For many people, seeing a dentist is a scary experience. Patients are crowded in a waiting room, and it’s been half an hour since your appointment with the dentist, and you are still waiting.In your eyes, the dental chair like a monster: an icy steel behemoth, with suspicious stains left by a unknown patient. The dentist presses the pedals and levers and moves in your mouth, your eyes staring at the white ceiling. Your entire head is full of scratches and snoring of teeth and instruments. The dentist asked you, “Is this pain? Still feeling good?” Although tears are spinning in your eyes, you don’t know how to convey your feelings. Telling a doctor when it hurts, or how much it hurts, is an annoying thing
Dentists at the Center for Precision Dental Medicine at Columbia University in Washington Heights hope to change this experience. The center is located on West 168th Street and occupies the entire fifth floor of the Vanderbilt Clinic at Columbia University. This 15,000-square-foot space is taken directly from Stanley Kubrick’s films—white walls, curved ceilings, and 48 sleek compartments. Each compartment has a special dental chair. A fully integrated RFID system uses electromagnetic fields to track all the labels from the doctor’s and patient’s wristbands to the dental device. Under the raised floor, a few miles of blue Ethernet cable transmits information to nearby servers, and the server tracks and records and records the patient’s medical procedures, the tool’s specific information.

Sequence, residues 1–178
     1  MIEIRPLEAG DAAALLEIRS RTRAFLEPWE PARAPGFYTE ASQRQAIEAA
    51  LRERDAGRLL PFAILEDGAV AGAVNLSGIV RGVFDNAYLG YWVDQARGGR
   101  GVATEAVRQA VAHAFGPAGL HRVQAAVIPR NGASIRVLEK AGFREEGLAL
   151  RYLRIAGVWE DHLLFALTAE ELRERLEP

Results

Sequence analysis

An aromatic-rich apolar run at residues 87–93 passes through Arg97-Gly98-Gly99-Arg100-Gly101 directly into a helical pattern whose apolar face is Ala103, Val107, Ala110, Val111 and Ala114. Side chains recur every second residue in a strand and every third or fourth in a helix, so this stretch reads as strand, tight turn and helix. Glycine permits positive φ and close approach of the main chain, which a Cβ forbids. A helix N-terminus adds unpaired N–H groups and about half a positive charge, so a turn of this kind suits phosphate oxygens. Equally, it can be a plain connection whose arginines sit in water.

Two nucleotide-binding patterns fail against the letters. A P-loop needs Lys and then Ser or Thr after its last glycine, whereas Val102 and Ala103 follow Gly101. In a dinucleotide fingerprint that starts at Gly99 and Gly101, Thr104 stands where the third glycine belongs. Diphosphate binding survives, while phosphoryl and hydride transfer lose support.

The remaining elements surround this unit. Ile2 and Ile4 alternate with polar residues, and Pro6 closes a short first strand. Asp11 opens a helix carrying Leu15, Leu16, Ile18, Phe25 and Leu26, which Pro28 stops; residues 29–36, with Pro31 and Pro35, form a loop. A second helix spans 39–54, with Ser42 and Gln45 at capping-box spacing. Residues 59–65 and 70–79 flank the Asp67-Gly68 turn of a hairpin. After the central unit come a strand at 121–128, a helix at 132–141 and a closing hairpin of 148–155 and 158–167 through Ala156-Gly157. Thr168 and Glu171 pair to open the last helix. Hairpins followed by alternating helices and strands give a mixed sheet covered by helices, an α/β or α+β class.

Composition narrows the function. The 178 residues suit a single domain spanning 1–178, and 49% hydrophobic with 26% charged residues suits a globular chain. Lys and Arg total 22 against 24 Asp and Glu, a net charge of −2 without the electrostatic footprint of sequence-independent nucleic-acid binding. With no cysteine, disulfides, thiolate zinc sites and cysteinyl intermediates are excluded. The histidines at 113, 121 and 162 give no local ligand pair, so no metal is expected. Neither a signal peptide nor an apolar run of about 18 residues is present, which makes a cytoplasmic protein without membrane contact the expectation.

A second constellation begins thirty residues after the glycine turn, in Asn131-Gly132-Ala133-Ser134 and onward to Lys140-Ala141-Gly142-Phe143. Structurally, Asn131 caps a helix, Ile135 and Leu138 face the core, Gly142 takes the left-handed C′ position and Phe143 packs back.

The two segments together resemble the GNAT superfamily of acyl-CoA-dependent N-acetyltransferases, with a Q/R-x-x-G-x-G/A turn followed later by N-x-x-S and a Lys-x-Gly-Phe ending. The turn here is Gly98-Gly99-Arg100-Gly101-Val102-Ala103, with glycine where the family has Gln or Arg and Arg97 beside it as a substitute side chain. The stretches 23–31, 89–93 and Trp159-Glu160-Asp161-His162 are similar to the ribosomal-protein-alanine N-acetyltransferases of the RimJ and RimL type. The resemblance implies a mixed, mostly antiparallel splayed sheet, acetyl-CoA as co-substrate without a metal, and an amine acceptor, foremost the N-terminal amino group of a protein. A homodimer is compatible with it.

The system first self-signed through an online portal where patients were assigned a wristband that supports RFID and was worn throughout their entire visit. In addition to letting the doctor know where the patient is and what they are doing, the system should also reduce unnecessary waiting time.